Intent Matters

Reading last night about #DeleteUber and this morning an Esquire profile/interview with AJ Daulerio, the editor at the center of The Gawker-Hulk Hogan lawsuit. Thinking about both, and how both Uber and Gawker suffer from a history of intent issues.

But first ... 

A woman with unimpeachable values and no hint of a rap-sheet walks into a grocery store with four-year-old twins who are in the midst of a world-class meltdown. Her boss is blowing up her inbox about a client presentation tomorrow. And she's in a rush to call her brother to hear all about the new girl he's bringing home for Thanksgiving. Too harried to have grabbed a cart on the way in, her arms quickly and unexpectedly pile up as she makes her way down the aisles.

She makes it out alive. (we always do)

As she reaches in her pocket for her car keys she finds a pack of gum she absentmindedly put there when she ran out of hands. Rather than dragging the kids back in the store to pay for the gum, she heads home.

Technically, this woman stole a pack of gum. But would any sane person argue she needs to be punished? Of course not, because intent matters. She didn't intend to steal the gum. And she's not a criminal by nature. Lastly, given the circumstances it's understandable how she made a mistake.


For those of you who don't know, the #DeleteUber movement is a public reaction to / condemnation of Uber based on this tweet in the midst of the taxi strike at JFK:

After a swift avalanche of backlash, Uber tried walking it back, basically blaming the misunderstanding on sloppy messaging. Unfortunately for Uber, these missteps are becoming far too common. Fair or not. That's not the point of this; or maybe that's exactly the point.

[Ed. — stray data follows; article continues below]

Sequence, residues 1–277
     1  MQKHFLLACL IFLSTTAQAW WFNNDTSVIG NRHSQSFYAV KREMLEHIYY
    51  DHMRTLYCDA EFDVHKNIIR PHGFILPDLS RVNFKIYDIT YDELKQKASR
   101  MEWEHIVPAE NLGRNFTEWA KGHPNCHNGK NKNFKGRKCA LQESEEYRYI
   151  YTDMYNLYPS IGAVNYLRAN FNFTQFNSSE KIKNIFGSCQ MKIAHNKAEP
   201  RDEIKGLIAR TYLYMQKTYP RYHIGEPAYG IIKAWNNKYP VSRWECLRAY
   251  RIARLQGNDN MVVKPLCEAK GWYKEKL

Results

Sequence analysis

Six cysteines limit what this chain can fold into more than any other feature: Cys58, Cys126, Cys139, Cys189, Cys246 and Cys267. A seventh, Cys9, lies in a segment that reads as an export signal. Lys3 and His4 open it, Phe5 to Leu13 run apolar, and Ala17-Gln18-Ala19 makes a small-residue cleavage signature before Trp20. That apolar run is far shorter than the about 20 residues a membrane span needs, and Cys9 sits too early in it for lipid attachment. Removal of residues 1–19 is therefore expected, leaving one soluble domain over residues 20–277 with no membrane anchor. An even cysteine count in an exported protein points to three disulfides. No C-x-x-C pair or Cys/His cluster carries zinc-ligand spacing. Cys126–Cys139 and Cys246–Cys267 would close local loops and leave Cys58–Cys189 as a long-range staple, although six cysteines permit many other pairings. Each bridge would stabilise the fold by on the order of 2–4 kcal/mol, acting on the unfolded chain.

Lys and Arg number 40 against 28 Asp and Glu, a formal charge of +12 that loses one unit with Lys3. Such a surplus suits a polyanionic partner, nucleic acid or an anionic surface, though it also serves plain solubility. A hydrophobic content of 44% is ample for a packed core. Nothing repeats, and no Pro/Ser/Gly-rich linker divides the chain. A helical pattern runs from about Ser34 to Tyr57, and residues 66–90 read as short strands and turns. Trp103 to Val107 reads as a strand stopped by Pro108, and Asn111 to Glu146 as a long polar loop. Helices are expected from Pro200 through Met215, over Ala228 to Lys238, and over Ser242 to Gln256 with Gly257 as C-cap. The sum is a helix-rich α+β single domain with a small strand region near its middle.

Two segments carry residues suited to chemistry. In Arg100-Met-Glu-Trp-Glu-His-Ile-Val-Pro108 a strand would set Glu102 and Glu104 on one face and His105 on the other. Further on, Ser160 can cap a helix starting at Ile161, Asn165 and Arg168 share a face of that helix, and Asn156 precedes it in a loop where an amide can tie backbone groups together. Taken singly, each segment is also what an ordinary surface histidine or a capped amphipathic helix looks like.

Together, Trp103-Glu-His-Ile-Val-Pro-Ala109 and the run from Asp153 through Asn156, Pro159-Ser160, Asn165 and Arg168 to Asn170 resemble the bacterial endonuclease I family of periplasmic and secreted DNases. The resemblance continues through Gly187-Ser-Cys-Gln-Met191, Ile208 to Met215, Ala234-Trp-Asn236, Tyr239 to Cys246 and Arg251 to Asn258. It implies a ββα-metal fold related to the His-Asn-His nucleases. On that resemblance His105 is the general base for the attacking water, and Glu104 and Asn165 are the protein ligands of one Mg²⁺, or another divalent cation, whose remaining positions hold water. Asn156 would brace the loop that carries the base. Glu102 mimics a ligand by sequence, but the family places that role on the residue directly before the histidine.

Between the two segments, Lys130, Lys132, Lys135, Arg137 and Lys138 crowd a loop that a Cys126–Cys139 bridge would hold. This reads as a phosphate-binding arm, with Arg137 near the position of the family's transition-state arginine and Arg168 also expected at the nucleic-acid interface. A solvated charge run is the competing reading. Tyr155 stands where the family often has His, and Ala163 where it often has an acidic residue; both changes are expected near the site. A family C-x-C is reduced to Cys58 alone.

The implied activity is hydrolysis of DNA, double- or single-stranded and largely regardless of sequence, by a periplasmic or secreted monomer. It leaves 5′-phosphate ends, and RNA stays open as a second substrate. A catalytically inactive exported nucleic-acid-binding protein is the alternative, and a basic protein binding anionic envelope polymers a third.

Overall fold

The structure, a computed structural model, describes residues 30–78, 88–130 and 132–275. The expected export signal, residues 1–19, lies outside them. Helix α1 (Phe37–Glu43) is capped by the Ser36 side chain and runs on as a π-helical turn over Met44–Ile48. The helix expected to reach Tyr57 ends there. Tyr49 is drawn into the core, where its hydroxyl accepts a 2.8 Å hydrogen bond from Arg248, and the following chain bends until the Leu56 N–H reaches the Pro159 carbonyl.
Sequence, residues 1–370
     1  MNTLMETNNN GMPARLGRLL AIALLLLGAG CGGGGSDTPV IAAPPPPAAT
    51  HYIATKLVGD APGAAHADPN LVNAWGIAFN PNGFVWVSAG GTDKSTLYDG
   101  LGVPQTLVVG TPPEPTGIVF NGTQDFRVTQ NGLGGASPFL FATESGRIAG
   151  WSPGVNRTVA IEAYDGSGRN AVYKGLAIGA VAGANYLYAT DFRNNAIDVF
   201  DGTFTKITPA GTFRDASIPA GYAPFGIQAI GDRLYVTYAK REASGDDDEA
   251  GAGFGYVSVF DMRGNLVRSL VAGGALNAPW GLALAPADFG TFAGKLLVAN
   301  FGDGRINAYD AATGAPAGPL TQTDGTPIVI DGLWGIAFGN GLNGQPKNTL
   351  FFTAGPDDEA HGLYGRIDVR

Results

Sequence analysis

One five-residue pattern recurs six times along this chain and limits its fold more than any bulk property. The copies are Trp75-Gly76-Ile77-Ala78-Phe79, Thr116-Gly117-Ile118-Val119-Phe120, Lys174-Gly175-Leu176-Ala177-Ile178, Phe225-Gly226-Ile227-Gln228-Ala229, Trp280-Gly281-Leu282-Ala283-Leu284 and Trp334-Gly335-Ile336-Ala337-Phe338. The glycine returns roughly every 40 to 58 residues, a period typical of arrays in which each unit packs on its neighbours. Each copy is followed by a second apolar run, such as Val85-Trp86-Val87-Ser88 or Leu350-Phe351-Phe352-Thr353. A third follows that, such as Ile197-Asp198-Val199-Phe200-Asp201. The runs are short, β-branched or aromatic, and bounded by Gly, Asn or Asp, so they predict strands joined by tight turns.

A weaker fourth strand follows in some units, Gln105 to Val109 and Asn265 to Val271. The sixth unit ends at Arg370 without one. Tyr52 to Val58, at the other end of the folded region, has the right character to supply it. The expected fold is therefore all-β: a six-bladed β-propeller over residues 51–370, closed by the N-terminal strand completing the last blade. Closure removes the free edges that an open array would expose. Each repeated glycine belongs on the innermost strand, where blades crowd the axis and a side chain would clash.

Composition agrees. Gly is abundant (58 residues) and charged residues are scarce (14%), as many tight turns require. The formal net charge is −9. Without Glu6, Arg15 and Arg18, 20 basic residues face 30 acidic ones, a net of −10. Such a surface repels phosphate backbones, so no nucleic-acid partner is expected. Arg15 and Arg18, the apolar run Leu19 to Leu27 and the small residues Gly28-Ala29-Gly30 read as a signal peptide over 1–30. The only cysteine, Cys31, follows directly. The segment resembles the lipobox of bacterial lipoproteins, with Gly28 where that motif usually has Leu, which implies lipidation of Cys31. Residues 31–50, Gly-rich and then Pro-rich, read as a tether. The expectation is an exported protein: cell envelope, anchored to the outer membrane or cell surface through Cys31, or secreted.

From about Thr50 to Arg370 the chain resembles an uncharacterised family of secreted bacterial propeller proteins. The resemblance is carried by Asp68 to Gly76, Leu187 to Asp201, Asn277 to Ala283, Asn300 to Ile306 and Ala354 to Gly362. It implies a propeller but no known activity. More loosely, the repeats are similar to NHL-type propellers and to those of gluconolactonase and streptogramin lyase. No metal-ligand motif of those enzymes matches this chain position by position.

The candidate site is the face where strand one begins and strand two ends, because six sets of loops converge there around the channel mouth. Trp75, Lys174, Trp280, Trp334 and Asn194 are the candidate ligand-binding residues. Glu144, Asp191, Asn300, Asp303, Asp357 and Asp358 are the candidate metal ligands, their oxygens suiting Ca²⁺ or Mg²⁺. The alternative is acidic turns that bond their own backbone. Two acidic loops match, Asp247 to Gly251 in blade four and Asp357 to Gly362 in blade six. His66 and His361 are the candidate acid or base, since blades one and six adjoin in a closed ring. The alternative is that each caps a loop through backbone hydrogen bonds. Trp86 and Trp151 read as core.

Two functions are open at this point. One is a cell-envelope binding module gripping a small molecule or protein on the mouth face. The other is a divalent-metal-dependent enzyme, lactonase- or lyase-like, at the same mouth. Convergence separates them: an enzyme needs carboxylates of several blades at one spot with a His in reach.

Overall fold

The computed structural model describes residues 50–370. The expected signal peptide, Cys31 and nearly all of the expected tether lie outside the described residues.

And then there's the Gawker-Hogan lawsuit, which you can read all about here but essentially:

Terry Gene Bollea, known professionally as Hulk Hogan, sued Gawker Media, publisher of the Gawker website, and several Gawker employees and Gawker-affiliated entities,[2] for posting portions of a sex tape of Bollea with Heather Clem, at that time the wife of radio personality Bubba the Love Sponge. Bollea's claims included invasion of privacy, infringement of personality rights, and intentional infliction of emotional distress. Prior to trial, Hogan's lawyers claimed that the privacy of many Americans was at stake while Gawker's lawyers asserted that the case could hurt freedom of the press in the United States.[4][5]

In March 2016, the jury found Gawker Media liable and awarded Bollea $115 million in compensatory damages and $25 million in punitive damages.[7][8] 

The debate over this case is firmly rooted in nuanced and complicated 1st Amendment issues; many of which are of great merit and will / should be debated vigorously. Truthfully, though, most people don't buy Gawker, Nick Denton or Daulerio as 1st Amendment crusaders. Rather, they have a history of recklessly ruining people's lives for sport and profit. And bragging about it. And perhaps nothing is more troubling than this widely-reported and utterly-horrible incident reported from a deposition:

All this to say, when you do bad stuff people will judge you on your intent, which is largely based on your history of character. Just think about that, whether you're an individual or company.